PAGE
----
The REINS Act


By: Guest Authors

By: John Hampton

The REINS Act would require Congress to approve any new “major” regulations issued by the Executive Branch of government, before they are enacted on the American people. A “major” regulation is defined as one that carries an annual cost of $100 million dollars or more. The REINS (Regulations from the Executive in Need of Scrutiny) Act (HR 10) was introduced in the House by Geoff Davis (R-KY). A similar bill (S 299) was introduced in the Senate by Rand Paul (R–KY).

Currently, when Congress passes a bill, it contains only general language. Specific language, as to how the new law will be enforced, is not included. The bill is then sent to the President. Once signed by the President, the bill goes to the appropriate regulatory agency (EPA, FDA, NRC, ATF, etc.). It is there that the regulations required to enforce the new law, are written.

As it is now, law makers have the ability to take credit for passing popular legislation, albeit vaguely written. If the eventual regulations are not so popular, law makers can, for the most part, avoid culpability. We as Americans, should blame the regulators if the final law is excessively intrusive or burdensome. Power and influence devoid of responsibility: this has been a common theme in our government for many years. At the end of the day, politicians know they will only be held to account for the most egregious acts. This is one of the reasons we need more specific policies in place, by which we can hold our elected officials accountable. The REINS Act should help in accomplishing this.

Among other things, opponents argue that The REINS Act would require a dysfunctional Congress to approve all new “major”regulations. There is no question that Congress is dysfunctional, but it is the only Congress we have. They should not be removed from the equation based solely on their dysfunctional nature. If Congressional involvement ceases after passage of the bill, there is no reason for them to be concerned about how the final regulations will affect their constituents. And if they are not concerned about their constituents, they should not be holding public office.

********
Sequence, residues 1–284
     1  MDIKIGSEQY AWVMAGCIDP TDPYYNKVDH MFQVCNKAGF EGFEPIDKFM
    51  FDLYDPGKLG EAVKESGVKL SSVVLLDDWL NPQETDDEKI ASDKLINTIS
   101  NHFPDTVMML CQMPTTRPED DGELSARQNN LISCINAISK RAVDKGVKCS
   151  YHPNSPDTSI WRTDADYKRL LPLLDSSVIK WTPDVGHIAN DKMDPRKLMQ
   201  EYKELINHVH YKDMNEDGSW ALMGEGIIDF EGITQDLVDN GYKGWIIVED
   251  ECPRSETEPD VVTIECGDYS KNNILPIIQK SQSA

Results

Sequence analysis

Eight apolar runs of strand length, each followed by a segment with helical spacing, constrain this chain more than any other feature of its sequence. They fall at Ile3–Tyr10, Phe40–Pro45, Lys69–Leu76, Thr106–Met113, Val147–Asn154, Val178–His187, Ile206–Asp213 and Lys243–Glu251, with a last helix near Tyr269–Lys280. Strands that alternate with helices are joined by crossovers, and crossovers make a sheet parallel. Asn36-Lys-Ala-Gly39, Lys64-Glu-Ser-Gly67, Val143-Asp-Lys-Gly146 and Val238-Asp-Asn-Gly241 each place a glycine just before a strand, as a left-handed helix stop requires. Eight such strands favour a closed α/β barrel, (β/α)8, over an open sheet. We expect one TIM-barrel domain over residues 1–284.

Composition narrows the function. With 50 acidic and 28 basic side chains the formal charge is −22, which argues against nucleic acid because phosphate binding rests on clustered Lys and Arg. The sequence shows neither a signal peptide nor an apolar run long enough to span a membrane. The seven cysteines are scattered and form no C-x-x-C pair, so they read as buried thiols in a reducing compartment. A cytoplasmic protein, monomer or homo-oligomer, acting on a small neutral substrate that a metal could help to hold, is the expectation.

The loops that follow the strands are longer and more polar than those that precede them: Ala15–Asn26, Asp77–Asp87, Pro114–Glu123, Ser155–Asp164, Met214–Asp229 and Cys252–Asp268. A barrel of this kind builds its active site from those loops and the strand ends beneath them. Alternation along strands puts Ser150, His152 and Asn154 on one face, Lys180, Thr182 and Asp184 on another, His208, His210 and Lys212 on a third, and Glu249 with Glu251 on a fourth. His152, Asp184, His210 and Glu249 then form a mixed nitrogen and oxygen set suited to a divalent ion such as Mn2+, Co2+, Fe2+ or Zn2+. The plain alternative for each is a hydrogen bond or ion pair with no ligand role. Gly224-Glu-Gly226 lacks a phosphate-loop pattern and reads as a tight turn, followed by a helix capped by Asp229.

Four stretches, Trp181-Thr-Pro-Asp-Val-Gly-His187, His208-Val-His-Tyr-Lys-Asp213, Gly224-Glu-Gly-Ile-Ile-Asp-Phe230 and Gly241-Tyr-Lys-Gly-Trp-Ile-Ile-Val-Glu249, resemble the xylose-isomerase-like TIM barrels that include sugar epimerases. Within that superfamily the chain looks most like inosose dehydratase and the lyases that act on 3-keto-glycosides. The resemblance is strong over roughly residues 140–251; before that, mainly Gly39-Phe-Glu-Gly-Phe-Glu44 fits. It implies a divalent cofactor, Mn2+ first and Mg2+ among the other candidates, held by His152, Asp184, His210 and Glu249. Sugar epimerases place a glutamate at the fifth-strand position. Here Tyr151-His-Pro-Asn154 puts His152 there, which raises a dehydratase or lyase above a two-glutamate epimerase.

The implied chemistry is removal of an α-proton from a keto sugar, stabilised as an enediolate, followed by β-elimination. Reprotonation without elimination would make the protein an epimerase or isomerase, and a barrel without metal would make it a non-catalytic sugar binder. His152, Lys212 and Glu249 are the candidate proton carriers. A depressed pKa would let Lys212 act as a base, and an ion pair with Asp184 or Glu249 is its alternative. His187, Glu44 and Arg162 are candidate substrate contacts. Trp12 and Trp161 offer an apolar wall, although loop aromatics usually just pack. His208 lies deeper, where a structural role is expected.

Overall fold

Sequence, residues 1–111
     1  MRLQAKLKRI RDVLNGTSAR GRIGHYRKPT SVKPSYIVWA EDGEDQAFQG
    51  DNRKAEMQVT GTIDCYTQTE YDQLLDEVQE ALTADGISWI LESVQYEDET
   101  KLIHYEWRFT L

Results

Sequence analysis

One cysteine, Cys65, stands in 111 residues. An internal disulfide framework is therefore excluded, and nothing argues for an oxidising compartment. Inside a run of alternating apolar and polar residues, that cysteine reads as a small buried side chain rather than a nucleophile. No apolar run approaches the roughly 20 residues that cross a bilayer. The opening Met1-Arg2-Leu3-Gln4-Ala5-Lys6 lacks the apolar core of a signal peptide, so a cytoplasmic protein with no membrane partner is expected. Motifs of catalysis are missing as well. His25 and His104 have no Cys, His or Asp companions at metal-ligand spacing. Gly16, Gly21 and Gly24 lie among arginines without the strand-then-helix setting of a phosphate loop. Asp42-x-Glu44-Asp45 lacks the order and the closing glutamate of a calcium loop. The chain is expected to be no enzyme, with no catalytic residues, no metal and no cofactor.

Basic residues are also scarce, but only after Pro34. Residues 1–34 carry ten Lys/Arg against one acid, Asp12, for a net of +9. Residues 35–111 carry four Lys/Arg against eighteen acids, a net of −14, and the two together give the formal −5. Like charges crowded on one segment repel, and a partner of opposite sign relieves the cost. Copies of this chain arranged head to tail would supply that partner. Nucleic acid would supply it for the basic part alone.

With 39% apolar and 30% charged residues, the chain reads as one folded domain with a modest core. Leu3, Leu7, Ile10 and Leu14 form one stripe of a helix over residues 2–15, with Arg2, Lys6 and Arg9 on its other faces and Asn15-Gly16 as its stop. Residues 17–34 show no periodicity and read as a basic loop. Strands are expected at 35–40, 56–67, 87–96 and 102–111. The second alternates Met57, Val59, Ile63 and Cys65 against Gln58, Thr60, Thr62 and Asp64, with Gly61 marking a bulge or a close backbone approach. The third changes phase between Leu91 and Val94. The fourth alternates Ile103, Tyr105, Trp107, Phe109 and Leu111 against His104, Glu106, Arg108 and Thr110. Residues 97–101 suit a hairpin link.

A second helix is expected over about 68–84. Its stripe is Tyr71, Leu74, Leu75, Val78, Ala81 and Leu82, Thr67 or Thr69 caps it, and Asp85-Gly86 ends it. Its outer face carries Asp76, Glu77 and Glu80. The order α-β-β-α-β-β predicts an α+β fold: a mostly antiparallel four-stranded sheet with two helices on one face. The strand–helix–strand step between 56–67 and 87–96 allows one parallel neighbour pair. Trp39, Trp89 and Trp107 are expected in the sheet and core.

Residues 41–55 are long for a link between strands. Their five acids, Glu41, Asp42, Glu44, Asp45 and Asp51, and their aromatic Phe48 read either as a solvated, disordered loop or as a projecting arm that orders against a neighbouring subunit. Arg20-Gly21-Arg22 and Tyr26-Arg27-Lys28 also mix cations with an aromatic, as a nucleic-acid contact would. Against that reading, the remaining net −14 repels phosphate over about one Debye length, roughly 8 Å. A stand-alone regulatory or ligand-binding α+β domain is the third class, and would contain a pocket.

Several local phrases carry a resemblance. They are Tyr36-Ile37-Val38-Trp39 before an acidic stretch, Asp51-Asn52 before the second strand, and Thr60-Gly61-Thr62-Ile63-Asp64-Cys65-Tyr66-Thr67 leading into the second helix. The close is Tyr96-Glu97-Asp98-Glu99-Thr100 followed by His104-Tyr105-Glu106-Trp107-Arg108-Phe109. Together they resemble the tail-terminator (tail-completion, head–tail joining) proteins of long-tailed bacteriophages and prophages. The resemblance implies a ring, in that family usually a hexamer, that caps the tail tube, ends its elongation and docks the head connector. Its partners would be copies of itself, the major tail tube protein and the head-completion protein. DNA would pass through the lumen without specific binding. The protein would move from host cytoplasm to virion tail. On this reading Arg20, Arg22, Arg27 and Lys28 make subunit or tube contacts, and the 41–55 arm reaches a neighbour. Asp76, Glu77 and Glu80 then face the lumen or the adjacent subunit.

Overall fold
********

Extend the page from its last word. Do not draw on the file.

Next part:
Opponents also claim there is simply not enough time for Congress to review all new “major” regulations, and that The REINS Act will greatly slow the pace of the regulatory process. By its own admission, the Obama Administration is preparing 200 regulations that will each affect the economy by $100 million dollars or more. Even without The REINS Act, would any group of politicians or regulators have the amount of time required to prudently review 200 regulations, each with a minimum fiscal impact of $100 million dollars?

And if there is not sufficient time for review, is that not the perfect reason why the process should be slowed down? The desire of government to regulate, as much and as fast as possible, continues to encroach on our freedom. This attitude of sign it now and read it later is unacceptable. No successful and responsible person or business operates in this manner.

Is The REINS Act unconstitutional? It complies with Article I Section I of The Constitution, as all legislative powers remain with Congress. But opponents argue that The REINS Act will impede the executive power given to the President by Article I Section II. Congress, as well as the President, must sign “major”regulations. If the President must first sign his approval, how is that impeding his exercise of executive power? The bottom line is that President Obama wants no road blocks, detours or delays of any kind on his drive to expand government, increase spending, redistribute wealth and regulate our lives in ways that are becoming more and more intrusive.

Is there a down side to legislation that promotes accountability among our politicians? Of course not. And if it slows down the Democrat assault on our freedom, so much the better! It is essential that there be checks and balances in place encouraging politicians to act ethically and honestly while representing their constituents. Without these checks and balances, politicians will simply be the servants of their highest contributing special interest groups. As voters, we must stay informed and keep mental notes, for we still have the power to remove ineffective and unqualified individuals from office.

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